Which I did. The meeting was a few blocks from where I live. The spam said it was “inspired by Occupy Wall Street.” I wasn’t sure what that meant, but I was vaguely hoping that whatever The 99% Spring was, it would start a chapter of Occupy Wall Street on the Upper West Side, conveniently near my abode, and agitate for the Democrats and MoveOn to move left.
The first clue that my evening might go otherwise was the sign-up table, where there were a bunch of Obama buttons for sale and one sign-up sheet for the oddly named Community Free Democrats (are they free of community?), which is the local Democratic clubhouse. That killed the “inspired by Occupy Wall Street” vibe right there. No piles of literature from a zillion different groups, as there had been in Zuccotti Park. No animated arguments among Marxists, anarchists, progressives, punks, engaged Buddhists, anti-war libertarians and what have you. Just Obama buttons, which didn’t appear to be selling. [++]
Brown, 29, had went to two hospitals complaining about pain in her leg in September. When she went to the St. Mary’s Health Center in Richmond Heights, Mo., on Sept. 21, 2011, she was not going to leave until she got answers.
She sat in a wheelchair, draped in a sheet inside the emergency room for seven hours after doctors examined her. When Richmond Heights police arrived they placed Brown under arrest for trespassing; dragged her from the wheelchair; and hauled her off to jail.
In the eight-minute video above we hear Brown moaning and struggling to breathe when officers lay her on a concrete floor in a jail cell. About 15 minutes later, a jail worker found Brown cold to the touch. She was rushed back to the hospital where she was pronounced dead.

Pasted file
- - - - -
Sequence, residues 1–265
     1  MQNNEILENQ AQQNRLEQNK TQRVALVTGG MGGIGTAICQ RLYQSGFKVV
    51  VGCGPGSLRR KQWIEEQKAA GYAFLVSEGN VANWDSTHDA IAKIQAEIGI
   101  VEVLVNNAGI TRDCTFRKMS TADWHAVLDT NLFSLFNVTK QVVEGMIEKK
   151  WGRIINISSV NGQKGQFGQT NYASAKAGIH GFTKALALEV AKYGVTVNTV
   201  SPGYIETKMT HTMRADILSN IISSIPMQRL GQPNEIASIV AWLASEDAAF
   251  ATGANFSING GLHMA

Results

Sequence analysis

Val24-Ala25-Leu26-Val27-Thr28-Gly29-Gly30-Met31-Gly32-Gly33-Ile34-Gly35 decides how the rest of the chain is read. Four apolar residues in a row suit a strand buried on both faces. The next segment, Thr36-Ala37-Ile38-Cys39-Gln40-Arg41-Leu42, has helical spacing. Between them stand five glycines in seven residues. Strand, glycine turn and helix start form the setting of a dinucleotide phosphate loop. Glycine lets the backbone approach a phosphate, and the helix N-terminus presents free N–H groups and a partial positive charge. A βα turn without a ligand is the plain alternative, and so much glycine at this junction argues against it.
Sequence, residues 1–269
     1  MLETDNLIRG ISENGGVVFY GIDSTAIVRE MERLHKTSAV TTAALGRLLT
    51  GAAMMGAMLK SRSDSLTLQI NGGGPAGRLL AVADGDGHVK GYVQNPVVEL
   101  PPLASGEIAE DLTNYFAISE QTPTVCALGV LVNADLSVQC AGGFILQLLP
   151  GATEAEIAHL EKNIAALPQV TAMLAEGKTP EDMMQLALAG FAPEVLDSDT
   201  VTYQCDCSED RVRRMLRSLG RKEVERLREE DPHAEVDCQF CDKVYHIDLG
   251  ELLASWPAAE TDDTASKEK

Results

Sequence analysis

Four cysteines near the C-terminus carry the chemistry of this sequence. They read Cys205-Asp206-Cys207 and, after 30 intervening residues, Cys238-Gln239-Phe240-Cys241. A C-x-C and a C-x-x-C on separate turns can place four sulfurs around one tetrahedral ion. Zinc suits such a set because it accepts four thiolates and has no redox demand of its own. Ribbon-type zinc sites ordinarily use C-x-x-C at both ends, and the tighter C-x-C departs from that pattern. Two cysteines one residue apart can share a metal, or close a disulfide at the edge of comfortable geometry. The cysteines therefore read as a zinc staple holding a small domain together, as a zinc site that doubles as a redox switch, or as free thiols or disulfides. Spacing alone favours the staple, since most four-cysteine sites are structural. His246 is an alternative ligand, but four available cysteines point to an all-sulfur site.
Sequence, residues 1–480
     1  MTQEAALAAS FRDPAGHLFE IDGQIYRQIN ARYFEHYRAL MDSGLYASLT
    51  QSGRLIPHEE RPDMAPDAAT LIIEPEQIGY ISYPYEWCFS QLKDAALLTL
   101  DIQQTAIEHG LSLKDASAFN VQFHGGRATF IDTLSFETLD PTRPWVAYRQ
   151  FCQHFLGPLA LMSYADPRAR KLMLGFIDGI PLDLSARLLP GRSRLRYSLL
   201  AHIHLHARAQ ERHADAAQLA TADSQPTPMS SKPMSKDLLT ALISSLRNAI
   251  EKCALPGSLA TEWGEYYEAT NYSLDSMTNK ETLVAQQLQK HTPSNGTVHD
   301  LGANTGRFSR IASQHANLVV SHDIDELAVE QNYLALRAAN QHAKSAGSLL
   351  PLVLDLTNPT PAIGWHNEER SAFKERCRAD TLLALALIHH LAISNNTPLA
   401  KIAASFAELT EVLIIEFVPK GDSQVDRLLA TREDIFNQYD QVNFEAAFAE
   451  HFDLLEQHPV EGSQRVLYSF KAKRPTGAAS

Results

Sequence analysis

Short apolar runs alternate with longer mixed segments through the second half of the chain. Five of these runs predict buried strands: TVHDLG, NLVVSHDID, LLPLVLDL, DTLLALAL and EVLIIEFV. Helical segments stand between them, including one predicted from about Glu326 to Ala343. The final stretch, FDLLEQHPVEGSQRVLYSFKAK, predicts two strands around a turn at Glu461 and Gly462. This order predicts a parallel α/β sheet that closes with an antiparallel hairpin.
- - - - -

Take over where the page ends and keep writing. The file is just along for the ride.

An autopsy later revealed, that Brown died from blood clots that started in her legs, then lodged in her lungs.
Police suspected Brown was using drugs but no drugs were found in her system.
One could assume that Brown’s treatment was not up to par because she was poor.
People who are well off don’t usually die on the floor of a jail cell.
If this country provided everyone with the same kind of health care these types of stories would not occur. What do you think?
Police Forcibly Evict Midwest Occupy Conference Participants; 14 Arrested In St. Louis
Activists in St. Louis for a national Occupy convention were arrested Thursday night while leaving a park where the city had denied permission for them to camp.
Some 600 people from all over the US are gathering in the midwest city for the second major national conference of the Occupy Wall Street movement. Scheduled events include workshops, discussions, general assemblies and a march to the famous Gateway Arch on the Mississippi River.
Organizers of the three-day Midwest Occupy Conference claim that conference participants were subjected to police brutality and that their First Amendment rights were violated when law enforcement officers with batons aggressively attacked a group of 150 demonstrators who were marching out of Compton Hill Reservoir Park at 10:48 p.m. on March 15.